I wanted to see the monster up close. My jugular pulsing in my exposed neck, I slowly -- think like the Crocodile Hunter! -- lowered my face near the maneater's stormcloud-colored head of fur.
Only a few inches remained between me and the breed of dog the Etowah City Commission voted Monday night to ban from its city.
"This is a true pit (bull)," said Karen Walsh, executive director of the McKamey Animal Control and Adoption Center.
Then the beast lunged.
And I got licked. And licked. All over my face. Slobbered to death, by pit-bull kisses.
"This is Cindy Lou," said Walsh. (Like Cindy-Lou-Who. You know. Dr. Seuss.)
"I love to give hugs and kisses," said the sign above Cindy Lou's kennel.
What? Hugs and kisses? Dr. Seuss?
"The mere possession of pit bulls poses a significant threat to the health, welfare and safety of Etowah citizens," reads Ordinance 732, which also describes the pit bull in nightmarish ways: a tendency to attack, tear flesh and fight to the death.
It's another example of the demonization of the American pit bull, the canine version of our Salem witch. Thanks in part to dog-fighting mystique (great going, Michael Vick), redneck culture and the media's tendency to overhype certain dog attacks, the pit bull has become a cultural devil onto which we project fears, stereotypes and biases.
"There are other ways to address this problem than banning a breed," said Walsh.
Yes, pit bulls attack. But not because they are pit bulls, Walsh said, but because any aggressive tendency has been overencouraged and overbred by bone-headed owners, dog-fighters and dope dealers who surround their drug houses with chained-up pits.
"You could make any dog aggressive," said Walsh.
One national group that studies canine behavior found that the American pit bull tested better in temperament than, say, a bearded collie or Chinese shar-pei. A recent University of Pennsylvania study on canine aggression identified breeds most likely to bite humans.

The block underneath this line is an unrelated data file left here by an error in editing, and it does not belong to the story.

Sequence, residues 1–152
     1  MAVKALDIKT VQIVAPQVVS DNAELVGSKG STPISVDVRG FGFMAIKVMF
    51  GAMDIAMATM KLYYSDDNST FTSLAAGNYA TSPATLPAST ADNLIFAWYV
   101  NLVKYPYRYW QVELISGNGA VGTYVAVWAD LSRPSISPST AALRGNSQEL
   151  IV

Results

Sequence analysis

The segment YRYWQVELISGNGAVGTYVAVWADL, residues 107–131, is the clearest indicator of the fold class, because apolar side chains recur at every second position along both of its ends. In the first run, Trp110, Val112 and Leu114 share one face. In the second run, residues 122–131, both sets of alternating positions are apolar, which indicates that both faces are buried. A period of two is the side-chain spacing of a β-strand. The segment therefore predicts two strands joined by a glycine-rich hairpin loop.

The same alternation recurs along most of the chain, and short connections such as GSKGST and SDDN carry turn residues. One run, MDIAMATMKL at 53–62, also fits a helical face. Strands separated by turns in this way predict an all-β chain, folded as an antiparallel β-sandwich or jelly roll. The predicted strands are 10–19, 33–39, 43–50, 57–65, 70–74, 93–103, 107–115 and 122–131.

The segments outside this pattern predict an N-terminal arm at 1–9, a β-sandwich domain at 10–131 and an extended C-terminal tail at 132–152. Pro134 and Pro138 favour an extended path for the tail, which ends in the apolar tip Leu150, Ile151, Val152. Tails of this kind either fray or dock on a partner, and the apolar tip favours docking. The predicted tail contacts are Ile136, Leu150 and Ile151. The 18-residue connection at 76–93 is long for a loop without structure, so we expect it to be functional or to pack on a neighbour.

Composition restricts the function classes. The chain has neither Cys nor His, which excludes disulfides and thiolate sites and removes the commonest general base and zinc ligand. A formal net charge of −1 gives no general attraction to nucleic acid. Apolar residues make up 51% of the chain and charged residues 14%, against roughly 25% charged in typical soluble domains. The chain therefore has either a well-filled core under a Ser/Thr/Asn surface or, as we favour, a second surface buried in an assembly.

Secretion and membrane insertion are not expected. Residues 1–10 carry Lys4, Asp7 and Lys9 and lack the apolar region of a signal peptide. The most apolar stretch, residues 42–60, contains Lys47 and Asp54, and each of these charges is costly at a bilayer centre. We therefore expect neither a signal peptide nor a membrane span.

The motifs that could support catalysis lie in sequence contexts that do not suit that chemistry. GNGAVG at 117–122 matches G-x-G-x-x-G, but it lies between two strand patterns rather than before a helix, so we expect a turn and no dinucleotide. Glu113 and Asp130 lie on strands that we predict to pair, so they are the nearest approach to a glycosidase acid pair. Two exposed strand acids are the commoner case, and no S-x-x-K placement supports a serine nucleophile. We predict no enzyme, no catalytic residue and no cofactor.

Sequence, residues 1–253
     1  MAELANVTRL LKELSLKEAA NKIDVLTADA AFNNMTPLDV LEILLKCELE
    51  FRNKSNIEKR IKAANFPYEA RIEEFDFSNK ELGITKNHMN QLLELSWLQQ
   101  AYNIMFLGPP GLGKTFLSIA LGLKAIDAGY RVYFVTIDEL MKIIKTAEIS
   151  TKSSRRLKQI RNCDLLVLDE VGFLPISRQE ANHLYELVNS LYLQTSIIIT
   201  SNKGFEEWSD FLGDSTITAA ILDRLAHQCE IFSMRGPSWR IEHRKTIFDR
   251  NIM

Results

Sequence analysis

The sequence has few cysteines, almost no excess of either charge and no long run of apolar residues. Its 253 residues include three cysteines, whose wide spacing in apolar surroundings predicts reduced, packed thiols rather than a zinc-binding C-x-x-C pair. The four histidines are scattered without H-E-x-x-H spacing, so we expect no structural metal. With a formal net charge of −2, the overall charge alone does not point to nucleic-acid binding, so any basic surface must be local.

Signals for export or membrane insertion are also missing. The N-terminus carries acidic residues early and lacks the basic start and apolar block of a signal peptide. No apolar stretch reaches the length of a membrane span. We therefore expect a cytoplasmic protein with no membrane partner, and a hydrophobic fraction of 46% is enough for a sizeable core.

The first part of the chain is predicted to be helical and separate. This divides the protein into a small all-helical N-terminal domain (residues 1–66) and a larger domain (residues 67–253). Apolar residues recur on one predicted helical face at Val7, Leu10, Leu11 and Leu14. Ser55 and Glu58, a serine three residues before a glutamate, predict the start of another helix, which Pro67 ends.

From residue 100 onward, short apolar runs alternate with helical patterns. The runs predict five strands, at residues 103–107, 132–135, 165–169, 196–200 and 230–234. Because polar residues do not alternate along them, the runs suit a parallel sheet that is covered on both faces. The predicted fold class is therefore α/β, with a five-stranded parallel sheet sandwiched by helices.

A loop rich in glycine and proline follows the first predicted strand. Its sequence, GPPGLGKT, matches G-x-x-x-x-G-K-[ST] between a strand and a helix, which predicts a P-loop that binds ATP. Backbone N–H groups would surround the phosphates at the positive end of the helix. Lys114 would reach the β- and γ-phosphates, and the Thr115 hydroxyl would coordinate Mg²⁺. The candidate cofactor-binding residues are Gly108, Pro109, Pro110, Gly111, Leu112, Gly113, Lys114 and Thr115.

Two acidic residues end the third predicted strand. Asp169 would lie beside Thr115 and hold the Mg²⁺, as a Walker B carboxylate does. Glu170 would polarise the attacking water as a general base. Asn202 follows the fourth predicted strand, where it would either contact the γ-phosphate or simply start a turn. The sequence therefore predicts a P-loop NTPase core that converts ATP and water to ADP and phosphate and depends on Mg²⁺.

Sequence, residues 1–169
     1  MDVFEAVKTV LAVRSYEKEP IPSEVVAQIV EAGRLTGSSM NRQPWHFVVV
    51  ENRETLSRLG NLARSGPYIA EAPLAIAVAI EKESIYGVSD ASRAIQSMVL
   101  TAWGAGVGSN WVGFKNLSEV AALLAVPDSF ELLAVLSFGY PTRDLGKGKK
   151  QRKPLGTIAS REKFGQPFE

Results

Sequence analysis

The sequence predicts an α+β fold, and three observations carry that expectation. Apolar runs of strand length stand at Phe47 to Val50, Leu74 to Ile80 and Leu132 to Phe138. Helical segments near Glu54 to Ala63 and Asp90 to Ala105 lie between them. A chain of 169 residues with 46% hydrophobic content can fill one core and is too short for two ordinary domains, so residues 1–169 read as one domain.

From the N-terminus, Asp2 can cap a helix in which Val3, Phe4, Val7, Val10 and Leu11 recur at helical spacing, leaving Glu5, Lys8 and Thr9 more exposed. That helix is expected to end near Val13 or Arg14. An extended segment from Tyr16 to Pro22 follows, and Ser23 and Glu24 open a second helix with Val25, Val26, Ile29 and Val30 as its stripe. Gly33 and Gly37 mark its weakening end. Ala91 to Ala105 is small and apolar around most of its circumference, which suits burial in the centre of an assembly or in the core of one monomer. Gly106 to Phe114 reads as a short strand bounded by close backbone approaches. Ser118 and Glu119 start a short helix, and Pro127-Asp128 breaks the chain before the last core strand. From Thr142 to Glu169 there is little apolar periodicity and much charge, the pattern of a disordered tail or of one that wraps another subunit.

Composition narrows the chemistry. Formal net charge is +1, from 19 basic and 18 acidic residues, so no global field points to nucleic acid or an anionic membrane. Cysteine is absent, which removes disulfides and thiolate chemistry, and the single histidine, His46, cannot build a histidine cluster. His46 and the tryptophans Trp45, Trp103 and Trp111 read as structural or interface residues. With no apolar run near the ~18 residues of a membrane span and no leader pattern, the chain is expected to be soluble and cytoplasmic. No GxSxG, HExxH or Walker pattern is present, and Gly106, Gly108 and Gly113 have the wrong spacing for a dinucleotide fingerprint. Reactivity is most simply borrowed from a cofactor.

Picturing a junkyard dog with Confederate mud flaps nearby? Think again, amigo.
"This is Lady Bird," Walsh said, holding up a brown dog about as big as a bowling pin (and ugly as a bowling shoe).
"When a pit bull bites somebody, it is serious," she said. "Small dogs like Jack Russells and Chihuahuas bite people more, but most people don't report it."
Forty-two percent of all dogs at McKamey are pit bull breeds. So bad is the problem that Walsh is campaigning to neuter or spay 1,000 pit bulls in the Chattanooga area.
The folks in Etowah (who join Miami, Denver and other U.S. cities that have adopted anti-pit legislation) may have their hands full, as pretty much any dog with a squarelike head and stocky body can be considered a pit.
But pit bulls aren't the only animals with stigma. In East Ridge, a family who owned a pygmy goat -- first-graders can be bigger animals -- is moving to Georgia because the City Council won't allow pygmy goats as pets. In Chattanooga, citizens are working to overturn the ban on keeping urban chickens.
In the meantime, Cindy Lou sits in her kennel, slobbering all over her pink octopus squeaky toy. This Saturday is National Pit Bull Awareness Day. Somebody, go adopt that dog.
Just watch out for the Chihuahuas while you're there.
Contact David Cook at firstname.lastname@example.org or 423-757-6329. Follow him on Facebook and Twitter at DavidCookTFP.